TIFF 2013: The Double Review

The Double

The Double

Special Presentation

Director: Richard Ayoade

After starting his directorial career with a pitch perfect recreation of bad 80s television in Garth Marenghi’s Darkplace, Richard Ayoade has slid into to feature filmmaking by mimicking much artier affair. His sweet little debut Submarine riffed on Wes Anderson and all the French New Wave directors that spawned him and now The Double sees Ayoade doing a spin on Orson Welles’ The Trial and other lightly sci-fi metaphysical comedies. It would be an irritating way to kick start a career were he not so good at it and as long as the per project references remain so diverse, it’s not a bad template for a body of work. Ayoade is carving out a place for himself somewhere between Britcoms and the art house and it’s a pretty unique place to be.

His latest film stars Jesse Eisenberg as a sad sack office drone with no confidence and a crush on his neighbor (Mia Wasikowska). One day an exact double of him shows up on the subway, except he’s successful in all the ways the loser Jesse is not. Cue a lot of confusion, angst, existential crises, and a little personality swap humor. Sounds wacky in theory and is quite funny, but with the script based on a Dostoevsky novella and co-writing duties assigned to Harmony Korine’s brother Avi, the flick can’t exactly be described as slapstick. Visually and thematically ambitious, it feels like Ayoade desperately wants to be taken seriously as a filmmaker, yet just can’t keep himself from filling in any arty silences with jokes. Thankfully, the combination works better than straight up pretension and the film represents another step forward for Ayoade who is quickly defining himself as one of the UK’s finest directors, comedy or otherwise. (Phil Brown)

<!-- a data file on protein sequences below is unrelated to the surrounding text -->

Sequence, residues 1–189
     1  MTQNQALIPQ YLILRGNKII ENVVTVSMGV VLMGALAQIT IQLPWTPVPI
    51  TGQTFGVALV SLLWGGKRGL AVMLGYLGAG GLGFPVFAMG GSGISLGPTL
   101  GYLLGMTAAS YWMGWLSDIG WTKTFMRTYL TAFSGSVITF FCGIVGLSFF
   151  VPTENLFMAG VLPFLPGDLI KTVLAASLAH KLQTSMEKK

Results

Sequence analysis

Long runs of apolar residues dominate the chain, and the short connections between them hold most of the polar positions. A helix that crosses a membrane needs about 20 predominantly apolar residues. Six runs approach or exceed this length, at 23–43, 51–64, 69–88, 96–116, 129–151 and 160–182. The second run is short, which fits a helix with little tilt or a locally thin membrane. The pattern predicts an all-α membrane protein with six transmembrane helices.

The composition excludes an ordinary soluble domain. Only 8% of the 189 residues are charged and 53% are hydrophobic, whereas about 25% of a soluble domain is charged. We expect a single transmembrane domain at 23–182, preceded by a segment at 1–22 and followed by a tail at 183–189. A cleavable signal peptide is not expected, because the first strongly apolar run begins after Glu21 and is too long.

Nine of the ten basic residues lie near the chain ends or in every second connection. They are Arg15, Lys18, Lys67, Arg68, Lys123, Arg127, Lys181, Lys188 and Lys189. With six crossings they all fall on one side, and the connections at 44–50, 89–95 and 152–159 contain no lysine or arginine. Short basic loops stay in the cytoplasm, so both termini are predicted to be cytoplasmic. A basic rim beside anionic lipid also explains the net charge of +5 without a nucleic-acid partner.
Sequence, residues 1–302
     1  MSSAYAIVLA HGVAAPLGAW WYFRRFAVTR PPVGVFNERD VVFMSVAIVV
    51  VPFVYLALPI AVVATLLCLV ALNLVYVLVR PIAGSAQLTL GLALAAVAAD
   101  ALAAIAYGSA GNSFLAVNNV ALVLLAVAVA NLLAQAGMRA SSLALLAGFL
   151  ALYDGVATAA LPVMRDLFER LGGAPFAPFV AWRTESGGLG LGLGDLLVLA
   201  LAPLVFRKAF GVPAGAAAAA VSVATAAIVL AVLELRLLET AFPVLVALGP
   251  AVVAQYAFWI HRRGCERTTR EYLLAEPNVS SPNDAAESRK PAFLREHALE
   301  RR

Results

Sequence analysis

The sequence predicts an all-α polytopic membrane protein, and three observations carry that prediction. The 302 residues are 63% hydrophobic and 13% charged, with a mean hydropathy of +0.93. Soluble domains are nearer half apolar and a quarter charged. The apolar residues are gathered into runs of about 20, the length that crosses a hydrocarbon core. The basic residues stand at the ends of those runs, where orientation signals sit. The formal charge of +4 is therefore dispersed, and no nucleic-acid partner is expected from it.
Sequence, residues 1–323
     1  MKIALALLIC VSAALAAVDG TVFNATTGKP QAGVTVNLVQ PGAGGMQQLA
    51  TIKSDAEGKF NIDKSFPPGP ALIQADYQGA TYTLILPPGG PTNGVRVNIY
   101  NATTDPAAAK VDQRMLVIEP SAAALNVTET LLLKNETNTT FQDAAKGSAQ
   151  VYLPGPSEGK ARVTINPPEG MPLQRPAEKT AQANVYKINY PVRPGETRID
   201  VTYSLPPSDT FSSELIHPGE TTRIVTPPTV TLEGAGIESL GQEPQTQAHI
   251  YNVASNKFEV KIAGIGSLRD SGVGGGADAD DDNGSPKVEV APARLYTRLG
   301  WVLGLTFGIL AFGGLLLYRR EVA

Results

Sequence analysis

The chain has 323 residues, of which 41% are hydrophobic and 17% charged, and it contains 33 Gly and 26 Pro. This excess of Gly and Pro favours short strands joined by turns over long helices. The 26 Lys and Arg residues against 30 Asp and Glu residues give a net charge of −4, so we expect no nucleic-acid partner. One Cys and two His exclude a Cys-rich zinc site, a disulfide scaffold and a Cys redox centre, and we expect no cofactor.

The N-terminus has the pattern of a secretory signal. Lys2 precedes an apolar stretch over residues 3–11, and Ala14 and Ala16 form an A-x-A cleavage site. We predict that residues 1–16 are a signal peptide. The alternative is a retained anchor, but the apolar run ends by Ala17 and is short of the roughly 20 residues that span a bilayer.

Screens

Monday, September 9, 2:30pm, TIFF Bell Lightbox 1

Sunday, September 15, 6:00pm, The Bloor Hot Docs Cinema


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